Developing A Universal Religion/Determining Moral Behaviours/The Facts Of Life
The facts of life presented in earlier chapters can be summarized as follows.
Life is a process whereby chemical complexes exploit their environments to obtain energy and resources. Living and exploiting are inseparable activities, present at the base level in all life forms. Replication is a secondary function that (if sexual, rather than simply division) facilitates diversity. Diversity helps life to survive in a changing environment.
The elemental nature of life's underlying process (chemical processes exploiting their environment) implies that it can, and will, arise anywhere, whenever suitable conditions exist. Once begun, life continues until all usable energy differences are exhausted; ceasing prior to this point would simply leave niches where new life could arise and evolve.
Sporadic mutations that improve or have no negative effect on life's ability to successfully exploit environmental resources are carried through into subsequent generations.
Living organisms add new structures and cell processes to those they already possess, making entities more complex as time goes by. This creates an evolutionary trend toward intelligence because, to become beneficial, compounded body augmentations require more elaborate controlling abilities. Furthermore, since energy-exploitation becomes more difficult as energy resources are consumed, the very act of living creates conditions that necessitate enhanced problem-solving ability. That is, declining resources (and challenges of any kind) beget increased mental ability or intelligence.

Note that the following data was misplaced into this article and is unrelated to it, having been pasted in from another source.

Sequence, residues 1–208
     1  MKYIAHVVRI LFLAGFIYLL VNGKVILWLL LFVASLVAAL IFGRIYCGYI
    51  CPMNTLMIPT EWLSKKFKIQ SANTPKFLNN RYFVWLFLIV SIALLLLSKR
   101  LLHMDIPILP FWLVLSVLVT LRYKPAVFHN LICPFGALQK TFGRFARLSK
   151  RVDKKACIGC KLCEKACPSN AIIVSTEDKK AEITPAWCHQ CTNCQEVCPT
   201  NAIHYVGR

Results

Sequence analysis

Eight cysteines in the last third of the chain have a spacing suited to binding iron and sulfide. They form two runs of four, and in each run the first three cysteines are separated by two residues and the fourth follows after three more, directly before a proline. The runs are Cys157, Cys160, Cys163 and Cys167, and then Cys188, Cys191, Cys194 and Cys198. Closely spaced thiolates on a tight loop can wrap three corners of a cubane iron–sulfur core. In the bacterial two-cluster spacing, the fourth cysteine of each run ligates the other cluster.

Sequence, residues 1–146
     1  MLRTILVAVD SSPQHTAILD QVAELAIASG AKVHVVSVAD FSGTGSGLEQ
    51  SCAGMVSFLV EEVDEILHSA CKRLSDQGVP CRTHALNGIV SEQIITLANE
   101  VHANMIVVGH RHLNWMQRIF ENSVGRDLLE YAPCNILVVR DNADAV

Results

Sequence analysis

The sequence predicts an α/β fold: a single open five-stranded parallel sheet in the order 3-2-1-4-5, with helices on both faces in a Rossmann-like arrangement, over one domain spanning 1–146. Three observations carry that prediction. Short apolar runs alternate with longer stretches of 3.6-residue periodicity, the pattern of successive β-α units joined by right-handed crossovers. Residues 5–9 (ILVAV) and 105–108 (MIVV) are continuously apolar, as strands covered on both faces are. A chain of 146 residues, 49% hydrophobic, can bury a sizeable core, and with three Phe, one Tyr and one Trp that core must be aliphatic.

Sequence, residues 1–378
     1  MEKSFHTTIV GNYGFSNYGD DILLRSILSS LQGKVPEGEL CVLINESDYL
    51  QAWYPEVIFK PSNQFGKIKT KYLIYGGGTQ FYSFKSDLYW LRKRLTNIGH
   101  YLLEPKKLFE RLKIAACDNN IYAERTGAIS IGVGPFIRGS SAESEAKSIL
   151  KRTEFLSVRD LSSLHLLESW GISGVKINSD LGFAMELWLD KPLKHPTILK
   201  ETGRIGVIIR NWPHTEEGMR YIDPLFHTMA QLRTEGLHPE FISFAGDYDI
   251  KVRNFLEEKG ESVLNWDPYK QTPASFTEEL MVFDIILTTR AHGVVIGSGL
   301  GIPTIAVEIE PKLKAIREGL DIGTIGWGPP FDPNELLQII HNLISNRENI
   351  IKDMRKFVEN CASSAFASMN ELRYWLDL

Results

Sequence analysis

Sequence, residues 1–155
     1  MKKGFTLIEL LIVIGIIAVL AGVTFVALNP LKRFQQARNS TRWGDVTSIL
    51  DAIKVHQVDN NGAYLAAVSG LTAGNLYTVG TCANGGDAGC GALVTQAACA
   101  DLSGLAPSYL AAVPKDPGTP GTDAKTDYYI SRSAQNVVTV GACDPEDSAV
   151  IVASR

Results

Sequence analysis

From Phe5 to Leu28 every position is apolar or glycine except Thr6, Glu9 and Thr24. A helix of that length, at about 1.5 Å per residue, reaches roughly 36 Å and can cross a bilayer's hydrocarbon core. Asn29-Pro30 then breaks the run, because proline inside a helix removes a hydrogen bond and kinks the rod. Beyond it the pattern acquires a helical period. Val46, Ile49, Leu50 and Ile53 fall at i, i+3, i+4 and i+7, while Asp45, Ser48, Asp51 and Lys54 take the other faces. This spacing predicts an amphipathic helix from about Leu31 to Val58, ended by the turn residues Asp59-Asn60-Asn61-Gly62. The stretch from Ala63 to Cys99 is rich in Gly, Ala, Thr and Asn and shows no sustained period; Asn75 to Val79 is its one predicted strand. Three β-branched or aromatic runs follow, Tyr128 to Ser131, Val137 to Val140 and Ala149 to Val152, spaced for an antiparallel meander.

Life learns how to exploit and control its environment by perceiving, investigating, understanding, then utilizing the relationships that exist between objects and events. This is possible because the universe is causally constructed.
Causality's chain seems to break, from an insider's point-of-view, at the physical and temporal boundaries of our universe. Internal causality cannot be connected to anything external to this universe because the properties of that which lies beyond (if anything does exist outside) cannot be understood from a position within.
There are many other important aspects to the nature of life and the universe but those listed above will suffice for the purposes of this chapter.